• Poor lighting
  • Poor ambient conditions
  •  Poor air quality
  • Lack of work-rest regime

The second method that was used in the study was the Ovako Working Posture Assessment System (OWAS), which was formulated in Finland, specifically in the Ovako Oy company, a leading European producer of steel bars that was used to evaluate the workload in the repair process of smelting furnaces (Takala et al 2010). The method identifies the most habitual back postures in workers (4 postures), arms (3 postures), legs (7 postures) and weight of the load handled (3 categories) that counts up to 252 possible combinations. Therefore, each posture assumed by a worker was assigned a 4-digit code that depended on the classification within the previous postures for each part of the body and the load (Takala et al 2010). The researchers Polajnar and Caks (2003) concluded that workplaces previously designed for textile work result in the least number of strained postures by the workers while analysing two sewing workshops using OWAS and other methods. On the other hand, Durlov et al  (2014) used the OWAS questionnaire and tried to investigate lumbago among workers using handlooms in India. Their study confirmed that over half of the workers suffered lumbago with different degrees of severity.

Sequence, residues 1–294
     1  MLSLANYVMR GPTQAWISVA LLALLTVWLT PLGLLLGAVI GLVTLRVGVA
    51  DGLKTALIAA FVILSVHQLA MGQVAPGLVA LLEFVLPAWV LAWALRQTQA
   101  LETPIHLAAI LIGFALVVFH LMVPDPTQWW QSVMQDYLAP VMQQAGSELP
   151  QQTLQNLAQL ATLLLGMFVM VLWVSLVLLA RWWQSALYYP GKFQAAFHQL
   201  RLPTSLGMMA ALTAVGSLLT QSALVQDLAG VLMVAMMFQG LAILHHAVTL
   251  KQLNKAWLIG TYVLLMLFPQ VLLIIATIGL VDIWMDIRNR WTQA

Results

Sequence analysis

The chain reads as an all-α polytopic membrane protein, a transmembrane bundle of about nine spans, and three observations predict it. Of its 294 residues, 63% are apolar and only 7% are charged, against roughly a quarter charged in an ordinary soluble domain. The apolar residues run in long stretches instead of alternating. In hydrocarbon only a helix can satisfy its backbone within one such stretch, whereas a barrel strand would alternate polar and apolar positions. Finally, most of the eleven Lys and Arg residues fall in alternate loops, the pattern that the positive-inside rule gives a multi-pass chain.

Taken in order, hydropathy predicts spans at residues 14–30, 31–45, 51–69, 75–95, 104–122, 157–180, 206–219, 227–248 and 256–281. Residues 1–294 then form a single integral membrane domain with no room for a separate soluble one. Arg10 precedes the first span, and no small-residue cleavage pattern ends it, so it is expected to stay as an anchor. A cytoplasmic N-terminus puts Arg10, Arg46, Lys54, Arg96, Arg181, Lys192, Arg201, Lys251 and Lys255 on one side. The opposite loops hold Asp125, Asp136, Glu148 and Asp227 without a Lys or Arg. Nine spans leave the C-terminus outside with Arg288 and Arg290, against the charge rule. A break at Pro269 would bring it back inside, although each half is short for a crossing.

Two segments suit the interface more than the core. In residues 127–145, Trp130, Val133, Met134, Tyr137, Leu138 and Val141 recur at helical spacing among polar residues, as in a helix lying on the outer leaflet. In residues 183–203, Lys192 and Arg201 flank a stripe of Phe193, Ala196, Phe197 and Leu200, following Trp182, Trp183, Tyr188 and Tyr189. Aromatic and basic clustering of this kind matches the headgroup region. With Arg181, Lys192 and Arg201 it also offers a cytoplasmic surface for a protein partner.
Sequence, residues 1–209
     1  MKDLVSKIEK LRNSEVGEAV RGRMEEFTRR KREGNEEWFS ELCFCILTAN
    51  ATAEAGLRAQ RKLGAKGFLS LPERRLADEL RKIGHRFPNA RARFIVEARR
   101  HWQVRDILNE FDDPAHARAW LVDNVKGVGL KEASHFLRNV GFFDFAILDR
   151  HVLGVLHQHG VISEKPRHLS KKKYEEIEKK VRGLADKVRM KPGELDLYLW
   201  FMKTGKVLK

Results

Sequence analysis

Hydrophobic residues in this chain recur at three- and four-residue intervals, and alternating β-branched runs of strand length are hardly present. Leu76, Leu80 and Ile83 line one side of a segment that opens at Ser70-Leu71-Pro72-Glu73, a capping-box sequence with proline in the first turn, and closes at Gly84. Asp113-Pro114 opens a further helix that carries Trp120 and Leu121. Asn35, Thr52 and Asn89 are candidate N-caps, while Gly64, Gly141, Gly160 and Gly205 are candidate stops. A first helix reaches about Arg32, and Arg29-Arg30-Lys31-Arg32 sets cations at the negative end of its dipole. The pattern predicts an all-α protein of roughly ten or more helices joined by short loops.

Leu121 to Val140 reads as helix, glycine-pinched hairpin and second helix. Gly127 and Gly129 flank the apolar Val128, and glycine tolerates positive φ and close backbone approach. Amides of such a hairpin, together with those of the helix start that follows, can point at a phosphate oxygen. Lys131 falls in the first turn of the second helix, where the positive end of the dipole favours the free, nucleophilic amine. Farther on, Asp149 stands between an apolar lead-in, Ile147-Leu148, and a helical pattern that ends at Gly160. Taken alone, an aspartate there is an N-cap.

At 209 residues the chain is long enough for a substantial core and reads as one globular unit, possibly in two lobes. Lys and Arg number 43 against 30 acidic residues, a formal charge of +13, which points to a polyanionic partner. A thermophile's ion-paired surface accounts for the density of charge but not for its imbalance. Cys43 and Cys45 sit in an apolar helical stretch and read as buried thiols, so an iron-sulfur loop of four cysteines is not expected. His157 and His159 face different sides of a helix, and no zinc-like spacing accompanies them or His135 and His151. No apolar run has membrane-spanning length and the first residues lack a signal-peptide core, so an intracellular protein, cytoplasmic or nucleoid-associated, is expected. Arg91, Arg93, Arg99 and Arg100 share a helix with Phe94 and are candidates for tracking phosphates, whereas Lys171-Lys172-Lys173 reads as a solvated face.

Problems Faced By Weavers in Odisha 

The weavers assume a fixed posture while working on the loom. Because of this constraint and poor lighting, they develop an awkward posture that leads to severe backaches, and pain all over the body. The repetitive eye and arm movements required while placing the bobbin in the loom contribute towards eye strain and shoulder pain. With the help of the questionnaire, it was found that around 89% of the workers suffer from musculoskeletal pain in the neck, shoulder and elbows. Almost 76% of the weavers reported experiencing pain in the knees and ankles. Our study found that the lower back is the most affected region. Furthermore, it was found that the workspaces need to be ergonomically designed. There is a need to modify the components of the workstation that interact with the body parts of the weavers on a regular basis (Ghvamshahidi 1995; Barazani 1998). It was therefore recommended that an OWAS analysis be carried out to identify the critical postures so that ergonomic interventions may be suggested.  

The OWAS method was used to identify the frequency and time spent by weavers in a specific posture. Based on the OWAS study, corrective action was recommended, as mentioned in Table 1.

Table 1: Analysis of Selected Postures While Weaving
Posture OWAS Code Risk Action Needed Remarks
1 2, 1, 6, 1 Moderate Corrective action should be taken immediately Design of Work system
2 3, 3, 6, 1 High Corrective action should be taken immediately Design of frame and use of stool
3 2, 1, 2, 1 Moderate Corrective action should be taken immediately Design of a separator
4 2, 3, 6, 1 High Corrective action should be taken immediately Design of an automatic charka